“The fiscal cliff poses a significant downside risk to the near-term prospects for the U.S. economy and the construction industry. Assuming that efforts to cushion the full extent of the fiscal cliff are successful next year, keeping the U.S. economy from sliding back into recession, then there are several positive factors to benefit construction, including low interest rates and improving market fundamentals for several project types.”
Lame duck agreement or fiscal cliff diving
Regardless of the fiscal cliff political outcome, cement consumption is expected to record declines throughout the first quarter of 2013 and perhaps a bit longer. This is expected due to comparisons against strong first-quarter 2012 cement consumption levels brought about by very favorable weather conditions. During that period, cement consumption averaged more than a 79 million metric SAAR (Seasonally Adjusted Annual Rate)—or roughly 7 percent above the most recent three-month average. Absent political uncertainty, PCA expects first-quarter comparisons will run roughly 6 percent behind 2012 levels. If the fiscal cliff is not solved during the lame duck session and political uncertainty remains in place, first-quarter cement consumption comparisons could run roughly 11 percent behind 2012 levels.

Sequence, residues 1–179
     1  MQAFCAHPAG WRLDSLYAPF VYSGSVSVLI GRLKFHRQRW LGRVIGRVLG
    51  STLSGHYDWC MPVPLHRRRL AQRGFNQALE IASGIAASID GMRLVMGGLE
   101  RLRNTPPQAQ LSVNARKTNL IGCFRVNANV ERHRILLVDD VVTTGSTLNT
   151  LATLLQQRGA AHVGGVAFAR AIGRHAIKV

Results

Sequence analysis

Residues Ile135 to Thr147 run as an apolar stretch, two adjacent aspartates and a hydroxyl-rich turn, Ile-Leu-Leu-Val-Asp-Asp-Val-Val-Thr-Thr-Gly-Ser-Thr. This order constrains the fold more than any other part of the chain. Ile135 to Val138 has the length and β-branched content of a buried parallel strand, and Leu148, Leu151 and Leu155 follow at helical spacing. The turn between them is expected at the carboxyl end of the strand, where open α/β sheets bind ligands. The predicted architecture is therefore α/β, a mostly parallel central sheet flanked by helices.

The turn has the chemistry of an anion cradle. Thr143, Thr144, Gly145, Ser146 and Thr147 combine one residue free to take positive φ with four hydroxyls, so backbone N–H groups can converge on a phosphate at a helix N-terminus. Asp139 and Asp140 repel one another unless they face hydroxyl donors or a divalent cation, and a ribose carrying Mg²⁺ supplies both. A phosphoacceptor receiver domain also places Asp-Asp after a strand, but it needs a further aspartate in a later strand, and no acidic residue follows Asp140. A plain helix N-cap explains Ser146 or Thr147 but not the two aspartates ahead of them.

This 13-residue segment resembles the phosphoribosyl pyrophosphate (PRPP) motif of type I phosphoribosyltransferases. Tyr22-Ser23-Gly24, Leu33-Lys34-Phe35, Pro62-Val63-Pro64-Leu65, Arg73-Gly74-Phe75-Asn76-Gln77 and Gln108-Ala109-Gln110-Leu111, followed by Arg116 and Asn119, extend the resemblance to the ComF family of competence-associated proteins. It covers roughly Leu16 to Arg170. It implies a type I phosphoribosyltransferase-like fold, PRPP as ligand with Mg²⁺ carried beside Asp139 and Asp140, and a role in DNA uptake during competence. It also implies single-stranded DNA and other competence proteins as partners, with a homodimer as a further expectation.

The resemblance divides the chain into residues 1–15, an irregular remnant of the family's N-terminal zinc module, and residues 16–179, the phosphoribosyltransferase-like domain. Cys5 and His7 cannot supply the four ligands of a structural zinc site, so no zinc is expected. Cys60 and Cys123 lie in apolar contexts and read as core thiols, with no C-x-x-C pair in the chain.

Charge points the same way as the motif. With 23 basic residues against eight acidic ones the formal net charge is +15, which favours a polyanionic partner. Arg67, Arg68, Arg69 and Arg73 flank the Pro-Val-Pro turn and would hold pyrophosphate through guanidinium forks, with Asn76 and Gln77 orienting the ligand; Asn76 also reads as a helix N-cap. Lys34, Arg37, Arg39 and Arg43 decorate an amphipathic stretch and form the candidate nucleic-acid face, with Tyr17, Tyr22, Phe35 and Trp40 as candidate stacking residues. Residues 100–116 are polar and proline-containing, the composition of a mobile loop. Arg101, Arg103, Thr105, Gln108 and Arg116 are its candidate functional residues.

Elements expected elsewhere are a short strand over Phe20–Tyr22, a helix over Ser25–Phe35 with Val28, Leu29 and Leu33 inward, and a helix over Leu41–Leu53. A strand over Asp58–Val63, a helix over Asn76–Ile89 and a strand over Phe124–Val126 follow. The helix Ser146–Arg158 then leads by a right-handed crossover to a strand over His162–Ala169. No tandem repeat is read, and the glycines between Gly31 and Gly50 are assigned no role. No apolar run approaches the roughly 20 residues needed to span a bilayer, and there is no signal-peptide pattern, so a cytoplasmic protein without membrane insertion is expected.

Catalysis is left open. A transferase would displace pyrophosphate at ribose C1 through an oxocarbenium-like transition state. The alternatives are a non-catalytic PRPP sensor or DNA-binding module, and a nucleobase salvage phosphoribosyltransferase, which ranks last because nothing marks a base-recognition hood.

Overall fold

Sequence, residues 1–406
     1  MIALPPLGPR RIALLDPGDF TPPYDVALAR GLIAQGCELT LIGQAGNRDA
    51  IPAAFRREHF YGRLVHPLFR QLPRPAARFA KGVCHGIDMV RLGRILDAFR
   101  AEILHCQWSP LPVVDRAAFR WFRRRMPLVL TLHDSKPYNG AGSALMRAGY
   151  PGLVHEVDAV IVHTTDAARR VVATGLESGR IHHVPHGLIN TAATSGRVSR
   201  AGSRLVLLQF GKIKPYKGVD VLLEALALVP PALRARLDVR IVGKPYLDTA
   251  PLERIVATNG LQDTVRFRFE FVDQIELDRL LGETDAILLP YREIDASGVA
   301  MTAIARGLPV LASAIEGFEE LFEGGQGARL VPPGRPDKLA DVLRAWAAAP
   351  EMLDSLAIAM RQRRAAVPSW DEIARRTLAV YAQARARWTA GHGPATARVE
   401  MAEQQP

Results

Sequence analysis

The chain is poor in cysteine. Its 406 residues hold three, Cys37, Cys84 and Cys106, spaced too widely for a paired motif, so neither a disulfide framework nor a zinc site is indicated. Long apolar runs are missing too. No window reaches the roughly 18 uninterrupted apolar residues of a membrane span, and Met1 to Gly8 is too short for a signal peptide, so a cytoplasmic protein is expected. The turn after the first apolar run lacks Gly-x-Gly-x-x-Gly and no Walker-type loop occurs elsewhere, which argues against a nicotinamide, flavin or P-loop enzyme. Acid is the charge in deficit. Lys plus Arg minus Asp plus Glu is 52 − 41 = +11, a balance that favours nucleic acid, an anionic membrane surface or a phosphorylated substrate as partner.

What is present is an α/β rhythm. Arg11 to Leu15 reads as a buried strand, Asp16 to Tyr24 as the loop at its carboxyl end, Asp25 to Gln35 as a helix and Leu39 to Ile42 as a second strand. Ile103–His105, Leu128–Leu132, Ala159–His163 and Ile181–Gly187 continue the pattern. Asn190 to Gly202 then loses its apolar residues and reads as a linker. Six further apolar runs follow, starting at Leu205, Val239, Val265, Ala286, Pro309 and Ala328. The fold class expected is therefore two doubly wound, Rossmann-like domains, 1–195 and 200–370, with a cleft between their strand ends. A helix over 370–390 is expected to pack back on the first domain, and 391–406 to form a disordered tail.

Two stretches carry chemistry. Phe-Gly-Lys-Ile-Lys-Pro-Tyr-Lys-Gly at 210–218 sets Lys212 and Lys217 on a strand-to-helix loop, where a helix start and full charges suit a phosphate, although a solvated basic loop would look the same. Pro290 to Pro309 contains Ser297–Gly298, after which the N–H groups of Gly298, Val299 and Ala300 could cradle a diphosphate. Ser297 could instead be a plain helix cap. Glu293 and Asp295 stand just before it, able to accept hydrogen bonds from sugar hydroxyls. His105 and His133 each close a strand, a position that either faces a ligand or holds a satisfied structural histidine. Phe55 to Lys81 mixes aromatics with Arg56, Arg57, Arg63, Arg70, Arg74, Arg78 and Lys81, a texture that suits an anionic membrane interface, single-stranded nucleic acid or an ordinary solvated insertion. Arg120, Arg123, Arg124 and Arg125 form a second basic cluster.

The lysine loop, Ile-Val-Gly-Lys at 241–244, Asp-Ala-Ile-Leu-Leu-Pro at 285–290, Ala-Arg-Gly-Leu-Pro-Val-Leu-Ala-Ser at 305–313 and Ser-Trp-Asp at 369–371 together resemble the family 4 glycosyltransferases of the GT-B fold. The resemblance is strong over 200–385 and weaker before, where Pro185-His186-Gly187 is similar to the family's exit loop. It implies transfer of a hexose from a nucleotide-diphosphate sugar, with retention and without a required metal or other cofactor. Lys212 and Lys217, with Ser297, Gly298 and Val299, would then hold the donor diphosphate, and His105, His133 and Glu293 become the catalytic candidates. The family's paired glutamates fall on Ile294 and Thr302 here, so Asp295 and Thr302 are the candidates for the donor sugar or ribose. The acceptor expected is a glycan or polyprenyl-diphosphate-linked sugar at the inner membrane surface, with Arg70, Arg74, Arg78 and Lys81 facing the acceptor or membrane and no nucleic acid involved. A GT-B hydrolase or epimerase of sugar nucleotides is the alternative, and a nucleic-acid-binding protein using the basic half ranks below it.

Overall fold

Even this late in the year, tremendous uncertainty exists for 2013 cement consumption, according to Ed Sullivan. Huge risks are implied in corporate planning efforts if a lame duck or fiscal cliff outcome are assumed. One thing is likely: one of the general scenarios will materialize. Since PCA has used an unusual blended risk approach regarding its fall forecast, this implies it will be off, but less so if it opted for the single wrong assumption. PCA has promised a new forecast as soon as the political environment becomes more clear.
According to the Lame Duck Agreement Scenario, Congress recognizes the urgency of achieving an accord to avoid the disruptive impacts on the economy. Political compromise trumps political ideologies. This implies that an agreement on the fiscal cliff would be reached immediately after the election—during the lame duck session. Further, PCA assumes that such an accord would minimize the short-term costs to narrowing the deficit and enact a somewhat more aggressive, longer-term combination of tax and fiscal spending policies that would avert troubles now facing several European economies. It also assumes that the federal debt level issue will be addressed at the same time of the agreement.